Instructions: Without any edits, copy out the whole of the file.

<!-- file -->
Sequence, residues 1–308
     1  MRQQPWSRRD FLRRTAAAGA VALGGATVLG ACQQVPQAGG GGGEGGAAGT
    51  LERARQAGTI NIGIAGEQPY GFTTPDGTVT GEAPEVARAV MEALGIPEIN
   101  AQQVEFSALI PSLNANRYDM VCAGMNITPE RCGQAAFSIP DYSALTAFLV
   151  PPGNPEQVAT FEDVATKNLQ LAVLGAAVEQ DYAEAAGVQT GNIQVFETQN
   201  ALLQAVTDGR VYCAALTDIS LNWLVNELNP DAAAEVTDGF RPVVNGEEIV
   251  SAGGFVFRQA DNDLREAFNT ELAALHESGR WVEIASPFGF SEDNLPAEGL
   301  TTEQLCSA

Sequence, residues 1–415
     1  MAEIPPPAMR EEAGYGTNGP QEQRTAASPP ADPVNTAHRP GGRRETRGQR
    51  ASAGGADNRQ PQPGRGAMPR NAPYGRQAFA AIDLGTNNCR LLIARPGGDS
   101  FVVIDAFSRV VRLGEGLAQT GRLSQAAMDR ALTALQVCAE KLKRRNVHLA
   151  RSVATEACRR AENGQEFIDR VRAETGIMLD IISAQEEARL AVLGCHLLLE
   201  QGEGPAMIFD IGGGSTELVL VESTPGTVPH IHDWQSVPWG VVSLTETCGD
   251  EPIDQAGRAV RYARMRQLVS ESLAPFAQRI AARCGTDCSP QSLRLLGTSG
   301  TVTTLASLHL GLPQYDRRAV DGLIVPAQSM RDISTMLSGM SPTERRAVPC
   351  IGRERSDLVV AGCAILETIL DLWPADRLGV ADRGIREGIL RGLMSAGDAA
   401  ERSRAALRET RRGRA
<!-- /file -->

Sequence, residues 1–308
     1  MRQQPWSRRD FLRRTAAAGA VALGGATVLG ACQQVPQAGG GGGEGGAAGT
    51  LERARQAGTI NIGIAGEQPY GFTTPDGTVT GEAPEVARAV MEALGIPEIN
   101  AQQVEFSALI PSLNANRYDM VCAGMNITPE RCGQAAFSIP DYSALTAFLV
   151  PPGNPEQVAT FEDVATKNLQ LAVLGAAVEQ DYAEAAGVQT GNIQVFETQN
   201  ALLQAVTDGR VYCAALTDIS LNWLVNELNP DAAAEVTDGF RPVVNGEEIV
   251  SAGGFVFRQA DNDLREAFNT ELAALHESGR WVEIASPFGF SEDNLPAEGL
   301  TTEQLCSA

Sequence, residues 1–415
     1  MAEIPPPAMR EEAGYGTNGP QEQRTAASPP ADPVNTAHRP GGRRETRGQR
    51  ASAGGADNRQ PQPGRGAMPR NAPYGRQAFA AIDLGTNNCR LLIARPGGDS
   101  FVVIDAFSRV VRLGEGLAQT GRLSQAAMDR ALTALQVCAE KLKRRNVHLA
   151  RSVATEACRR AENGQEFIDR VRAETGIMLD IISAQEEARL AVLGCHLLLE
   201  QGEGPAMIFD IGGGSTELVL VESTPGTVPH IHDWQSVPWG VVSLTETCGD
   251  EPIDQAGRAV RYARMRQLVS ESLAPFAQRI AARCGTDCSP QSLRLLGTSG
   301  TVTTLASLHL GLPQYDRRAV DGLIVPAQSM RDISTMLSGM SPTERRAVPC
   351  IGRERSDLVV AGCAILETIL DLWPADRLGV ADRGIREGIL RGLMSAGDAA
   401  ERSRAALRET RRGRA